As a coordination mechanism, the Center is expected to improve project financing through information sharing, project preparation and capacity building. The Ministry of Finance has also developed the Debt Sustainability Framework for Participating Countries of the BRI, cooperating with its counterparts from 28 partner countries.

Debt sustainability will only grow in importance in Beijing, and China will take steps to improve transparency in how and when it reports the financing and deal structures of BRI investments.

Third, environmental concerns have plagued BRI projects and domestic electric grid construction, notably China’s continuing expansion of coal power capacity, alongside its efforts to reduce greenhouse gas emissions.

In response, China has sought to integrate the BRI with its nascent green growth agenda, notably to address criticism of its continued reliance on coal power and the lack of environmental oversight over Chinese infrastructure projects both at home and abroad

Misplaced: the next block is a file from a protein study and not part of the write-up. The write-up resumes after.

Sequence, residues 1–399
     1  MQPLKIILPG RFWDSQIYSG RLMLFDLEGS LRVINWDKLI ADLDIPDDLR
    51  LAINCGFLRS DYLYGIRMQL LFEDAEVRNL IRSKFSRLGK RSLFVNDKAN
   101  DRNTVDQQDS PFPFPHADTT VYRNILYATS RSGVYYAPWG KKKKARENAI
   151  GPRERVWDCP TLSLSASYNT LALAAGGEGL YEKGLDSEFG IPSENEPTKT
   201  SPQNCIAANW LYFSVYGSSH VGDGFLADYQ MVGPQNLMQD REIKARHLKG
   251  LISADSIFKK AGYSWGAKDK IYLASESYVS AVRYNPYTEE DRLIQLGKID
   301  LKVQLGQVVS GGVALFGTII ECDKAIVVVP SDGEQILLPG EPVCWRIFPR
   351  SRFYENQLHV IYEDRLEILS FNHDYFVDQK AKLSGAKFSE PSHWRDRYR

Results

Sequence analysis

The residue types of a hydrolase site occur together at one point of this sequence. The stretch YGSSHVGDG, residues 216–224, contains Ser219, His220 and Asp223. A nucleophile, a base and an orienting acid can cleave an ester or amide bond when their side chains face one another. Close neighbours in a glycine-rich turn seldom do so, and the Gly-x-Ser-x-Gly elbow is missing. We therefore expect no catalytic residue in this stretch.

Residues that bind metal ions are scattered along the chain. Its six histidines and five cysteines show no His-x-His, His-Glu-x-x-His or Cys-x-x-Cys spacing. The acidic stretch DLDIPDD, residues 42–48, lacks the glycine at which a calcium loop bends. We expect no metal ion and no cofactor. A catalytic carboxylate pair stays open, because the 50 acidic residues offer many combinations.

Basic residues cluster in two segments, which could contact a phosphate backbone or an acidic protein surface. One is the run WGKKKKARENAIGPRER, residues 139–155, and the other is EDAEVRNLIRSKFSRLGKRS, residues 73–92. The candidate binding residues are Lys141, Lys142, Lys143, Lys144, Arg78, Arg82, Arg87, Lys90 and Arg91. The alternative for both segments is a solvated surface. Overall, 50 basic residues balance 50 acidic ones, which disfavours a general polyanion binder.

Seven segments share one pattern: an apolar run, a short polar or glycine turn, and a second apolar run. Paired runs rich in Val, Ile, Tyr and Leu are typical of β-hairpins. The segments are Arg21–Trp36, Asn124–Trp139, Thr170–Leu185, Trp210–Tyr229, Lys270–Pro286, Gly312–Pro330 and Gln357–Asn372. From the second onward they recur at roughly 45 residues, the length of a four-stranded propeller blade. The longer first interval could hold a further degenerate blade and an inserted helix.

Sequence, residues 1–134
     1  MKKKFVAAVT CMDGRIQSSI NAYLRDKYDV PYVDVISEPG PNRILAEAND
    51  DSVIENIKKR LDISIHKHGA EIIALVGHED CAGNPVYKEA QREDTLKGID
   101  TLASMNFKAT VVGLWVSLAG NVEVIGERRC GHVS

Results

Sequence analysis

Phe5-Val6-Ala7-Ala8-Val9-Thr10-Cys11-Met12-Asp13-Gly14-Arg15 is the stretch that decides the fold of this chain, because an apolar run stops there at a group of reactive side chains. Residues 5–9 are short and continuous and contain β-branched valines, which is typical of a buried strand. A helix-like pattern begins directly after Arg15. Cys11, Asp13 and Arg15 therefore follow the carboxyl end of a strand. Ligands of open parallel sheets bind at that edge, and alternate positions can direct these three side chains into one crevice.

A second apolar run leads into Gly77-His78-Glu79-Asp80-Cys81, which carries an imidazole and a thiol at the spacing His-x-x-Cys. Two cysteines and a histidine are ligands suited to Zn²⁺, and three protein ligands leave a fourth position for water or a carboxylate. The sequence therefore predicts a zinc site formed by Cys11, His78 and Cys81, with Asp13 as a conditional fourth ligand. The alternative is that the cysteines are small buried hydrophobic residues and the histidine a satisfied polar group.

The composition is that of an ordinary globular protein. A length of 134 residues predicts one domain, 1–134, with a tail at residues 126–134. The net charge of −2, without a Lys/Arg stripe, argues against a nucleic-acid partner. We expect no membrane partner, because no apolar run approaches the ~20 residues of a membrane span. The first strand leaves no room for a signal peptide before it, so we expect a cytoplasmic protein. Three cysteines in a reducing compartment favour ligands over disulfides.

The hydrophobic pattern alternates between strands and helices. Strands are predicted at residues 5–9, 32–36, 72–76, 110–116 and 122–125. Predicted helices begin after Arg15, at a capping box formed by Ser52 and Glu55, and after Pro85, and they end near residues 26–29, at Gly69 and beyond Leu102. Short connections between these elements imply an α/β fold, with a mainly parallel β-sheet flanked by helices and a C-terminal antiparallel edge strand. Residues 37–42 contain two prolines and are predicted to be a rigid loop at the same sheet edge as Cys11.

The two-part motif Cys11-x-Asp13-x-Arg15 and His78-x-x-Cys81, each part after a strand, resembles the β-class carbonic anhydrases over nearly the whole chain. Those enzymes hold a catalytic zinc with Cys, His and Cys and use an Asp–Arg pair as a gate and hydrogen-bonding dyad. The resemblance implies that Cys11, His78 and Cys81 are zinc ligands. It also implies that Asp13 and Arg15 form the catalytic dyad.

Greening the BRI goes far beyond responding to international criticism. Xi has, since 2012, advanced the concept of “ecological civilization,” suggesting that China should take the lead in promoting environmentally sustainable economic development, starting from its own domestic battle with carbon emissions.

Finally, China’s technological development has become a priority for Beijing and that permeates the BRI in the form of the “Digital Silk Road.” Under this scheme, China has bundled railway and road construction with underground telecommunications cables, invested in smart-city construction and expanded e-commerce.